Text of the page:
Hellenic Studies

Directors: Stathis Kalyvas, 201 RKZ, 432-5386, stathis.kalyvas@yale.edu; John Geanakoplos, 30 Hillhouse Ave., 432-3397, john.geanakoplos@yale.edu; program administrator: George Syrimis, 34 Hillhouse Ave., 432-9342, george.syrimis@yale.edu; http://hsp.macmillan.yale.edu/

Hellenic Studies is a program of the European Studies Council. The core of the program is the teaching of modern Greek, supplemented with other courses and events related to the study of postantiquity Greece, as well as the society and culture of modern Greece and its interaction with the rest of Europe and the world. Related courses can be found in the listings of Anthropology, History, History of Art, Literature, Political Science, Religious Studies, and Russian and East European Studies. A major in Ancient and Modern Greek is described under Classics. Students who have an interest in postantiquity Greek language, society, or culture are advised to consult with the program administrator of the Hellenic Studies program.

FACULTY ASSOCIATED WITH THE PROGRAM OF HELLENIC STUDIES

Professors John Geanakoplos (Economics), Stathis Kalyvas (Political Science)

Lecturers Paris Aslanidis, George Syrimis

Senior Lector Maria Kaliambou

Courses

MGRK 110a, Elementary Modern Greek IMaria Kaliambou

An introduction to modern Greek, with emphasis on oral expression. Use of communicative activities, graded texts, written assignments, grammar drills, audiovisual material, and contemporary documents. In-depth cultural study. Credit only on completion of MGRK 120.  L11½ Course cr
MTWThF 9:25am-10:15am

MGRK 120b, Elementary Modern Greek IIMaria Kaliambou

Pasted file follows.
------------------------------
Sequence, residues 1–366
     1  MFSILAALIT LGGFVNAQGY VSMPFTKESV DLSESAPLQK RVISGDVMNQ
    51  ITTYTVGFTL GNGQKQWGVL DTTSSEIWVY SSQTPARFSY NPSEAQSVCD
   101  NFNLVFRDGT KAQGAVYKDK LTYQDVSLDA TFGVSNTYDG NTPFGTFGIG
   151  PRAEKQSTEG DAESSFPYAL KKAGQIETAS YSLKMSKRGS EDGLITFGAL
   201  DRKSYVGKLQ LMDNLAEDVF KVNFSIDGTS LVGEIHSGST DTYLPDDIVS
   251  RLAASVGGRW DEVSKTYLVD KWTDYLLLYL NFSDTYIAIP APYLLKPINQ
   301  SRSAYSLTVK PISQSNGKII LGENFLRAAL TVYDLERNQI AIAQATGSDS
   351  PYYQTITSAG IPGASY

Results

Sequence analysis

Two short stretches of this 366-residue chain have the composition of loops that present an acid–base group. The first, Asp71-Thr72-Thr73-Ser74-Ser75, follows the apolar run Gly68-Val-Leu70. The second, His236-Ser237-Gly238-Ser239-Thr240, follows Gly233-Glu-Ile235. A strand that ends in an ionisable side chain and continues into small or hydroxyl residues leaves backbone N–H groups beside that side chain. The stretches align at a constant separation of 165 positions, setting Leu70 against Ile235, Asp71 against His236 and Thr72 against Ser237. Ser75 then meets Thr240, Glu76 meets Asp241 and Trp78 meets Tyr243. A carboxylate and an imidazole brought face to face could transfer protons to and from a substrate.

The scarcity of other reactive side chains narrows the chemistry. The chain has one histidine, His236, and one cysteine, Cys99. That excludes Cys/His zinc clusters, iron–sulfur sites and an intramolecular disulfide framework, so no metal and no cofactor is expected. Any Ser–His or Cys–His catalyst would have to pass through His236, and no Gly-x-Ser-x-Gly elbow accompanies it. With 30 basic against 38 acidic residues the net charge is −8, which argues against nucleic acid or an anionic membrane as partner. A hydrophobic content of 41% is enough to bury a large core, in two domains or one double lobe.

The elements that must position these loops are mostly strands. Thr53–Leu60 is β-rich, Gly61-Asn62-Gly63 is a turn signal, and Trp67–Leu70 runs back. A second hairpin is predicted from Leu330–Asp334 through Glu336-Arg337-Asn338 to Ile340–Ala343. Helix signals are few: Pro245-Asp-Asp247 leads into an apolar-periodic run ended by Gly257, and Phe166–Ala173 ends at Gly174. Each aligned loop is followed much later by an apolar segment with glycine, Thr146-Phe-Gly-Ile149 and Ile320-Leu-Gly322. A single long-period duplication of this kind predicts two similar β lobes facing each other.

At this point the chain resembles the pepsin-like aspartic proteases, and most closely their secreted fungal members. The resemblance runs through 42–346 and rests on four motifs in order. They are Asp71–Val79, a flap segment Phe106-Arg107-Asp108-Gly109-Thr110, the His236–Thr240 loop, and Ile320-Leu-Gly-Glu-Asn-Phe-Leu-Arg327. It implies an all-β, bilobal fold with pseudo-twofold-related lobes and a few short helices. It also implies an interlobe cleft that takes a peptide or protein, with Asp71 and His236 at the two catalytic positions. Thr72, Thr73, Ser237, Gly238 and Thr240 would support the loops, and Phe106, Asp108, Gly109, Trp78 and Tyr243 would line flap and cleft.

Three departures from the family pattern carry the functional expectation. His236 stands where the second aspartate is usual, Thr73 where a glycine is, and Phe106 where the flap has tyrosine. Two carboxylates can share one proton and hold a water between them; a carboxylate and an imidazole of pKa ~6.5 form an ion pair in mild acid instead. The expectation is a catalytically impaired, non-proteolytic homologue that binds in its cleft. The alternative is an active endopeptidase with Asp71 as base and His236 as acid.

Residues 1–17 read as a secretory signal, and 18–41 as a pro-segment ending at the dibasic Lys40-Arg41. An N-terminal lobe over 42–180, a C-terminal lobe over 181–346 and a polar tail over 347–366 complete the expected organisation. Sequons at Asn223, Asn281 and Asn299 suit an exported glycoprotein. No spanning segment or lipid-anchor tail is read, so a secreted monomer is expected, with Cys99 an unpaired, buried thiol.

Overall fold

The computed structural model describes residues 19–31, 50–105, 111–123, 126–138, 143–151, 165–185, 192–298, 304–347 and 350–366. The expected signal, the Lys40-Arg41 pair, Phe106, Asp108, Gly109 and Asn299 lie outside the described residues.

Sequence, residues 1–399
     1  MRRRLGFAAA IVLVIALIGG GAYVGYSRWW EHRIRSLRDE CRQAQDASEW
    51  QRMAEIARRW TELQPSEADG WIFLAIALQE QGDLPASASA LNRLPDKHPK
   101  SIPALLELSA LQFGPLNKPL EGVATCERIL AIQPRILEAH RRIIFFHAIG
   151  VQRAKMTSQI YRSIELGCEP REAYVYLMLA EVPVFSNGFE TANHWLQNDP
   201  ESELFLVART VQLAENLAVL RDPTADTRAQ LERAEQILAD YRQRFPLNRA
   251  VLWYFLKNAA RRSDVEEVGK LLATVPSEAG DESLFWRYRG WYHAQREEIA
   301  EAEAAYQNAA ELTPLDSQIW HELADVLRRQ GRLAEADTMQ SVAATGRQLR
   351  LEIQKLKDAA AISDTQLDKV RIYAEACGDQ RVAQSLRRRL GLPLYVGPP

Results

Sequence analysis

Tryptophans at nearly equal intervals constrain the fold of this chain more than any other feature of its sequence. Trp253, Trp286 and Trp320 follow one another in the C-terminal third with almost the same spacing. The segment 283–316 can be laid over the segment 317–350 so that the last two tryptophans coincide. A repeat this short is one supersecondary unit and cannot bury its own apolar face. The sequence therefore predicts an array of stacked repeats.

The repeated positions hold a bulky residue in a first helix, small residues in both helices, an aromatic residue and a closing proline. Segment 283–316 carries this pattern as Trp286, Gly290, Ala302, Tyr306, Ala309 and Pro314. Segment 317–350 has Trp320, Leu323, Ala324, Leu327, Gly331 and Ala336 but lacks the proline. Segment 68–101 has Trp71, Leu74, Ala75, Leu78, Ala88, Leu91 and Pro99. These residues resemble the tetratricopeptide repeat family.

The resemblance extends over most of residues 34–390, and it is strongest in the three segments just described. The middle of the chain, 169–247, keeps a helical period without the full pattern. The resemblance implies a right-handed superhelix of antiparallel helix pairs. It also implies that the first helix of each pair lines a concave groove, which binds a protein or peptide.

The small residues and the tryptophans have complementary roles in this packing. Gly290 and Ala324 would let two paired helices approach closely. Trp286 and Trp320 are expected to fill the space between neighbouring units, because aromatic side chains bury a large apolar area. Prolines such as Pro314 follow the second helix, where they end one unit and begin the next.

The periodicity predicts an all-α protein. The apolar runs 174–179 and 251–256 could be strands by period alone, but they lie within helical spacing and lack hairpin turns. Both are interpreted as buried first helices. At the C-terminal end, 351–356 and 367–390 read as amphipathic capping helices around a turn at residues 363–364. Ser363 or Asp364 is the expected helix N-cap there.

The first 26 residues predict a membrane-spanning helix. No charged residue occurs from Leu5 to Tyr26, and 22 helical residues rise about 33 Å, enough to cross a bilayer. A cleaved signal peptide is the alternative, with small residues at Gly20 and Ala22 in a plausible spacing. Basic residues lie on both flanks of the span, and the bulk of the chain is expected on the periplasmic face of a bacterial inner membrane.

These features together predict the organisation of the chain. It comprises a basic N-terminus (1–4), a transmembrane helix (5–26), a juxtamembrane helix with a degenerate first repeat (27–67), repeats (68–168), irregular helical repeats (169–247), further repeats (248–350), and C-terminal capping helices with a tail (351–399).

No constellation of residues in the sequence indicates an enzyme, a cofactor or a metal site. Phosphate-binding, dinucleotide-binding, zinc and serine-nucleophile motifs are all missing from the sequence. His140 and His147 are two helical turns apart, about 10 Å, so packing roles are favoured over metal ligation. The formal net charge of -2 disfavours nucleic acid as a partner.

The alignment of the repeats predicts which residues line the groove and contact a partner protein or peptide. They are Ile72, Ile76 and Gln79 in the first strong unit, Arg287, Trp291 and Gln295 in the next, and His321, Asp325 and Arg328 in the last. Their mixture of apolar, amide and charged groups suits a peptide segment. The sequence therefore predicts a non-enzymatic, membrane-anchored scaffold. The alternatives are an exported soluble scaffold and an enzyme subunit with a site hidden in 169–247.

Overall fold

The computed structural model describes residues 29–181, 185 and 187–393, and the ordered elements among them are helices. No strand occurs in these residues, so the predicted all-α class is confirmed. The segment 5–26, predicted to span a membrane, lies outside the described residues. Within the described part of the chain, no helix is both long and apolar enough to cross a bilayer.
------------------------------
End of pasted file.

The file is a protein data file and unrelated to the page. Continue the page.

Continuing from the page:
Continuation of MGRK 110. Prerequisite: MGRK 110.  L21½ Course cr
MTWThF 9:25am-10:15am

* MGRK 130a, Intermediate Modern Greek IMaria Kaliambou

Further development of oral and written linguistic skills, using authentic readings and audiovisual materials. Continued familiarization with contemporary Greek culture. Prerequisite: MGRK 120 or equivalent.  L31½ Course cr
MTWThF 10:30am-11:20am

* MGRK 140b, Intermediate Modern Greek IIMaria Kaliambou

Further development of listening, speaking, reading, and writing skills in modern Greek. Presentation of short research projects related to modern Greece. Prerequisite: MGRK 130 or equivalent.  L41½ Course cr
MTWThF 10:30am-11:20am

* MGRK 151a, Advanced Modern GreekMaria Kaliambou

Advanced language course intended to further develop reading, writing, speaking, and listening skills, while sharpening students’ sensitivity toward modern Greek culture. MGRK 140 or permission of instructor.  L5
MWF 11:35am-12:25pm

* MGRK 216a / CLCV 216a / LITR 239a / WGSS 209a, Dionysus in ModernityGeorge Syrimis

Modernity's fascination with the myth of Dionysus. Questions of agency, identity and community, and psychological integrity and the modern constitution of the self. Manifestations of Dionysus in literature, anthropology, and music; the Apollonian-Dionysiac dichotomy; twentieth-century variations of these themes in psychoanalysis, surrealism, and magical realism.  HUTr
F 1:30pm-3:20pm

* MGRK 218b / FILM 243b / WGSS 245b, Family in Greek Literature and FilmGeorge Syrimis